- Real Estate
- Food & Drink
Aug. 26, 2018
For the past few weeks as I’ve spent time in downtown Sioux Falls, I’ve been struck by a subtle but pronounced shift.
I’ve started feeling younger.
That’s because as I’ve walked the area and visited many downtown businesses, the crowd around me has seemed, well, a bit older than I remember.
“Am I crazy?” I asked a friend one night as we walked by several people of retirement age about 9 p.m. headed to listen to live music.
“Nope,” came the reply. “Downtown has turned into Facebook.”
Now it was great to see the streets busy. And all the 60- and 70-somethings appeared to be having a blast, generously patronizing many establishments. We’ve definitely created a place that’s attractive to them, and that’s a good thing. But it’s also made me stop and think a little about what might be going on and what it means as we cultivate downtown’s future.
First, I think there are more people at or near retirement age living in the area. That means they will stay close and invite friends.
It also means we need to be aware as we add housing that we are making it accessible to people of a certain income. I absolutely believe many young professionals and even young families want to live close to downtown. But I wonder if they’re finding more limited options.
I also think younger people – for this purpose, let’s take that to mean people under 30 – are staying closer to home when they socialize. Instead of going out for a sit-down meal, they’re grabbing something at a fast-casual restaurant. When they hang out with friends, it’s often at home or at a bar or restaurant close to home.
I started down this road with John Geiken, one of the owners of PAve, and he began nodding right away.
“I think that younger generation, when they’re drinking, they pregame at home and go out late to save money,” he said.
“Lyft is huge for us,” he added. “We love seeing it. And it’s brought more older people. I think downtown has this aura that says it’s only old people from this time to this time, and after that young people go.”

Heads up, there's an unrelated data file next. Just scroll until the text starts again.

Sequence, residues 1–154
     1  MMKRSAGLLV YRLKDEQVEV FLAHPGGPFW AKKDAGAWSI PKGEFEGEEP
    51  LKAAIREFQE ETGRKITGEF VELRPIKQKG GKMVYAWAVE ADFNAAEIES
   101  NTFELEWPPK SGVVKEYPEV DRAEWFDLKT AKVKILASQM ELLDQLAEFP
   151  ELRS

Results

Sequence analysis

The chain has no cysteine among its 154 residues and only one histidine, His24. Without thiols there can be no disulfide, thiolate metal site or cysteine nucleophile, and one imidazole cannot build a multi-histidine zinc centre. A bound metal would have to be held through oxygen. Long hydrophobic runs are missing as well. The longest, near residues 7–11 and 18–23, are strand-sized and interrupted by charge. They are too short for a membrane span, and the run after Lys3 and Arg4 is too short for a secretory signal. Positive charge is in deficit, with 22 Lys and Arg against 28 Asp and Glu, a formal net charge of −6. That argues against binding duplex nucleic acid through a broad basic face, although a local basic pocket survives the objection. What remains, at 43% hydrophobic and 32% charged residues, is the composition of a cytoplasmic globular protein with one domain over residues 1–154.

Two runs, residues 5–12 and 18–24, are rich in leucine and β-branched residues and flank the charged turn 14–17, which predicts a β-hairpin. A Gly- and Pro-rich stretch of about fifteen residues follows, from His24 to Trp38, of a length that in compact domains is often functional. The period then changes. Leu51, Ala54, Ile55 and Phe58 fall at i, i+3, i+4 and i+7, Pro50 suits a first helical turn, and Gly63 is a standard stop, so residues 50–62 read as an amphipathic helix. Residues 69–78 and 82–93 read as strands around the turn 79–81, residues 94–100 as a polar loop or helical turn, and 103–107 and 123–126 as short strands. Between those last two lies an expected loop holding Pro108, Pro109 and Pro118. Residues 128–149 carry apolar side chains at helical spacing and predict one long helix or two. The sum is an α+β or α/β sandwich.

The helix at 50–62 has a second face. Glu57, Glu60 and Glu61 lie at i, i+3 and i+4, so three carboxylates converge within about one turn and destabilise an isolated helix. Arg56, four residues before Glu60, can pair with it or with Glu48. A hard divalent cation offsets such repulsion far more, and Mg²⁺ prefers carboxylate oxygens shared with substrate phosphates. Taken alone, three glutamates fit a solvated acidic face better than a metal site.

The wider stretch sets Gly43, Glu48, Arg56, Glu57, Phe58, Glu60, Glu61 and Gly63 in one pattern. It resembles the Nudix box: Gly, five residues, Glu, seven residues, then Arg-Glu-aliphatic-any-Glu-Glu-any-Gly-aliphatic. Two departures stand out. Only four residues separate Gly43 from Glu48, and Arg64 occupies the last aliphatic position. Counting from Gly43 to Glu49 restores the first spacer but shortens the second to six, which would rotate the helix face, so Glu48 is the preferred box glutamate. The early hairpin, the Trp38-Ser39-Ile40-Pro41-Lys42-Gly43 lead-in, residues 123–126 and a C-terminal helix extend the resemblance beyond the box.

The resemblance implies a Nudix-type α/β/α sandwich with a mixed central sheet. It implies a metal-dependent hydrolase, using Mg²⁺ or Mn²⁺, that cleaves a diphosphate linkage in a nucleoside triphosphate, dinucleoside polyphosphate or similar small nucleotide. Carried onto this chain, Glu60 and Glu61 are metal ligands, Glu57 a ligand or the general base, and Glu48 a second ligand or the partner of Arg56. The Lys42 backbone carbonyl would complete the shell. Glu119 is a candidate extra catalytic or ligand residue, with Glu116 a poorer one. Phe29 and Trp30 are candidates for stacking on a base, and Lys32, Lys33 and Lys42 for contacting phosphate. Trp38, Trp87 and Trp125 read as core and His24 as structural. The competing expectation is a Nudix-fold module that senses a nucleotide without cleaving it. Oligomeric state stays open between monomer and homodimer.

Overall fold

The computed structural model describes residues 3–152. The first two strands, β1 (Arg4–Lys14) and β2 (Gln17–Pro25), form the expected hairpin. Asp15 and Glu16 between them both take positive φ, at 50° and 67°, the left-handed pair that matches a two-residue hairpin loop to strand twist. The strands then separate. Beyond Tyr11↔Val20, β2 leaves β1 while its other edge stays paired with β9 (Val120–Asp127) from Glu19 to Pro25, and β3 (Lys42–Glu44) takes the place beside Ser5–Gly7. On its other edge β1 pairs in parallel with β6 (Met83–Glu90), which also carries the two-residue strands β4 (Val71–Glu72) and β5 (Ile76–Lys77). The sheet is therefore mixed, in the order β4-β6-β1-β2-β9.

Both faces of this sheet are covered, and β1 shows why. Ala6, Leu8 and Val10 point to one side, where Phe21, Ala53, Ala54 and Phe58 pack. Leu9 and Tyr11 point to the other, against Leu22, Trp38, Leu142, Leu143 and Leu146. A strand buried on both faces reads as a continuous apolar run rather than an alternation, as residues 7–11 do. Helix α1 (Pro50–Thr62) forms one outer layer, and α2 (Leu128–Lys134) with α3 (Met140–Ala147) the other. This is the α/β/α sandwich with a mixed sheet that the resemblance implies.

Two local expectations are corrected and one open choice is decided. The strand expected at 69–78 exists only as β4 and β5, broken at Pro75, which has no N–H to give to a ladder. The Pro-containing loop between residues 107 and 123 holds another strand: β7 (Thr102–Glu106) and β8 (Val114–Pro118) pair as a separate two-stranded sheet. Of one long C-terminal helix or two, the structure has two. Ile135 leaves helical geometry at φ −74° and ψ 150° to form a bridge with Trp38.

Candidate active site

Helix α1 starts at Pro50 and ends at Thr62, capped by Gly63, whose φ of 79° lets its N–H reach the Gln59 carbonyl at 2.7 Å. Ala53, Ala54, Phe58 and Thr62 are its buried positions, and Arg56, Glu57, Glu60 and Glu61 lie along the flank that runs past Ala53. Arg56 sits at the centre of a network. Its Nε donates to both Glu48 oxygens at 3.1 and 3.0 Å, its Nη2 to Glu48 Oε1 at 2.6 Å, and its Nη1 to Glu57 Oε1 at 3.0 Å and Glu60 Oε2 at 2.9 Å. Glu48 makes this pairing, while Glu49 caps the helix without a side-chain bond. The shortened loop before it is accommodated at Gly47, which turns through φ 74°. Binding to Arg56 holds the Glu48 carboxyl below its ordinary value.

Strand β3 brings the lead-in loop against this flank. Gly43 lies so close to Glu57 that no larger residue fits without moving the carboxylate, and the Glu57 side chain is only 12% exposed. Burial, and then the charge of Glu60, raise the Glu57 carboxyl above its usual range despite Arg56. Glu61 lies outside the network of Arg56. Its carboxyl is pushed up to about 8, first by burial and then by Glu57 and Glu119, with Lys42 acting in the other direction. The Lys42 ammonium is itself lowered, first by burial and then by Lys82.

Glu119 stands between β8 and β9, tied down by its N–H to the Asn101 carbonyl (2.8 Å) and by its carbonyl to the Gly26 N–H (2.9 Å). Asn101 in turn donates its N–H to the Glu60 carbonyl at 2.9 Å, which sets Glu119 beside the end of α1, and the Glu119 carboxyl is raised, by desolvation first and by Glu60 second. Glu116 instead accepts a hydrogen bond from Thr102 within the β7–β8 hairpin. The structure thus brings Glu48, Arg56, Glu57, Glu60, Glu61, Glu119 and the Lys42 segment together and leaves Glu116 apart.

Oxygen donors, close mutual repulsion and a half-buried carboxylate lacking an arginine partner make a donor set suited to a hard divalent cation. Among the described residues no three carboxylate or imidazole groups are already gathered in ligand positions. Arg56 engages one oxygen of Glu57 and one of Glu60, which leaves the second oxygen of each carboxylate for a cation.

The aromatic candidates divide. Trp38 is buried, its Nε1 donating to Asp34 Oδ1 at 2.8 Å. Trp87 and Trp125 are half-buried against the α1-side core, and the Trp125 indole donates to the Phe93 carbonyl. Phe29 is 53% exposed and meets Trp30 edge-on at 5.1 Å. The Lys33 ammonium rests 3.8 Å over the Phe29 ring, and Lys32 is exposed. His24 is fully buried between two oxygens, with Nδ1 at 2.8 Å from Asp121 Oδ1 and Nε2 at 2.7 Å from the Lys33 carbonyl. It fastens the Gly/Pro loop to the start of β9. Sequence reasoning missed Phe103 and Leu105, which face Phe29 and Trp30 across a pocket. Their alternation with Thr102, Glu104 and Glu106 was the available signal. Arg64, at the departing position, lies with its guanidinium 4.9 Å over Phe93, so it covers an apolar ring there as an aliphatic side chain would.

At his bar and restaurant, the crowd’s demographics change dramatically between happy hour and late night, he said. A packed after-work Friday trivia group gives way to what he calls an older dinner crowd “and by 10:30, 11 p.m., a light switch goes off and it’s just pretty much 21 to 30.”
Incidentally, when occasional problems arise, it’s generally not from those in their 20s, he said, adding they’re good about talking their friends down from escalating issues.
“I think if there were a lot more things geared toward that younger generation, they would come.”
Which brings me to the recently renewed conversation about relocating a baseball stadium downtown.
I’ll just be candid: From everything I can see in motion, the future of baseball in this community is at the Sanford Sports Complex.
And that’s appropriate. The mix of athletic uses and now retail development in that area supports additional facilities, and the prospect of private investment makes it more appealing.
I estimate a stadium to be at least a $30 million investment, likely more downtown with parking and land redevelopment. Even if some kind of public-private partnership could be developed, the city would have an uphill climb justifying that additional debt at least for the next few years. And if we could find the dollars, we could stretch them so much farther going other directions.
Many cities comparable in size to ours are building baseball stadiums in their downtowns, which I actually think is less of a reason to do the same.
One of the many things I love about downtown areas is how unique they are to each community. There are many places in Sioux Falls you could go that would look very much like the neighborhoods, commercial centers and parks you might find in many other cities.